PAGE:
Synopses & Reviews
Ducking out of choir rehearsal at his New England prep school, Miles Fanning rushes to a rendezvous with his girlfriend Carly. But Carly doesn't show up at the appointed time -- and is never seen again. From this haunting episode, David Long, praised for his "poetic, resonant, unpretentious" prose (The Boston Globe),
has crafted an elegant and gripping novel about the effect of not knowing on a tragedy's survivors.
Twenty-four years later, Fanning owns an independent record label in Seattle. He is enduring a trial separation from his wife and feeling increasingly disconnected and withdrawn when he receives an anonymous e-mail message from a woman who turns out to be Carly's sister, Julia Lamoreaux. They meet at a hotel bar -- Fanning, who never gives a thought to the past, and Julia, who is obsessed by it. Then silence, until a few weeks later, when Fanning, a frequent insomniac, answers a late-night phone call. It's Julia. So begins a phone and e-mail correspondence in which Julia, chain-smoking and caustic-tongued, tells Fanning of the devastating events set into motion by her sister's never-explained disappearance: in particular, the slow demise of their deeply religious father. Fanning is captivated, and so are we, by Julia's offbeat intensity. His heightening attraction to Julia causes old questions to flare: What did happen to Carly, and how was his own life altered by her fate?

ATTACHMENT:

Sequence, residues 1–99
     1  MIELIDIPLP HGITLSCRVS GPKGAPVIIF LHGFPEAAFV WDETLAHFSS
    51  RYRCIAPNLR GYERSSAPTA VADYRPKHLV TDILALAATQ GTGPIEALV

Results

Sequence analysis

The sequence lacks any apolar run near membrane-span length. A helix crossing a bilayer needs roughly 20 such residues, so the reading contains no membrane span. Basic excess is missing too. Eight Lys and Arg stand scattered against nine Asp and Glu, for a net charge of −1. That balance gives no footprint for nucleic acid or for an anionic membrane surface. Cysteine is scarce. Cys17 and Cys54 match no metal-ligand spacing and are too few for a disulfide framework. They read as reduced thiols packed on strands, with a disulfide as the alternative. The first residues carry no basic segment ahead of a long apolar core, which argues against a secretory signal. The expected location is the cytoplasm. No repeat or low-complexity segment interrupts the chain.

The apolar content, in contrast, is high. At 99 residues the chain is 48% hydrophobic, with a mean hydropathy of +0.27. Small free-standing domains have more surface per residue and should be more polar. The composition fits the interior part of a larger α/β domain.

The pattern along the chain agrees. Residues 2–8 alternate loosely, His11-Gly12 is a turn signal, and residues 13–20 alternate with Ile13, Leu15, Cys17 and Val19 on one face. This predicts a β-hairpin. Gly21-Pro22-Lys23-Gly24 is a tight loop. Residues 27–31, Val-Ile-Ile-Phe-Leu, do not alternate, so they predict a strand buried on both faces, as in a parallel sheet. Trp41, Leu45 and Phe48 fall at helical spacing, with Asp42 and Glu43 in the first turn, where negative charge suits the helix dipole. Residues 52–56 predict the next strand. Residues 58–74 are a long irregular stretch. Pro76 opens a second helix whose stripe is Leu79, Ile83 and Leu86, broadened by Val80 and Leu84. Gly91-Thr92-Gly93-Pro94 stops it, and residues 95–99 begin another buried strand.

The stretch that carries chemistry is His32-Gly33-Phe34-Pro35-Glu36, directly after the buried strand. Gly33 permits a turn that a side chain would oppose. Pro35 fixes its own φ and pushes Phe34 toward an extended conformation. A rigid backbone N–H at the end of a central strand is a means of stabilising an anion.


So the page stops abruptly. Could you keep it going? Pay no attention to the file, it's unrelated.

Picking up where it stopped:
With precise, expert prose, award-winning writer David Long weaves a spellbinding and sensual novel that explores the workings of religious faith, the power of memory, and the redemption offered by opening oneself up to love.
His girlfriend mysteriously had vanished in high-school. Now middle-aged, he is unexpectedly contacted by her sister, a woman eerily obsessed with the past. With precise, expert prose, Long explores the workings of religious faith, the power of memory, and the redemption offered by opening oneself to love.
About the Author
David Long is the author of three story collections, including Blue Spruce, and the novel The Falling Boy. He has won several honors for his work, including an O. Henry Award and the Rosenthal Prize from the American Academy of Arts and Letters. He lives in Tacoma, Washington.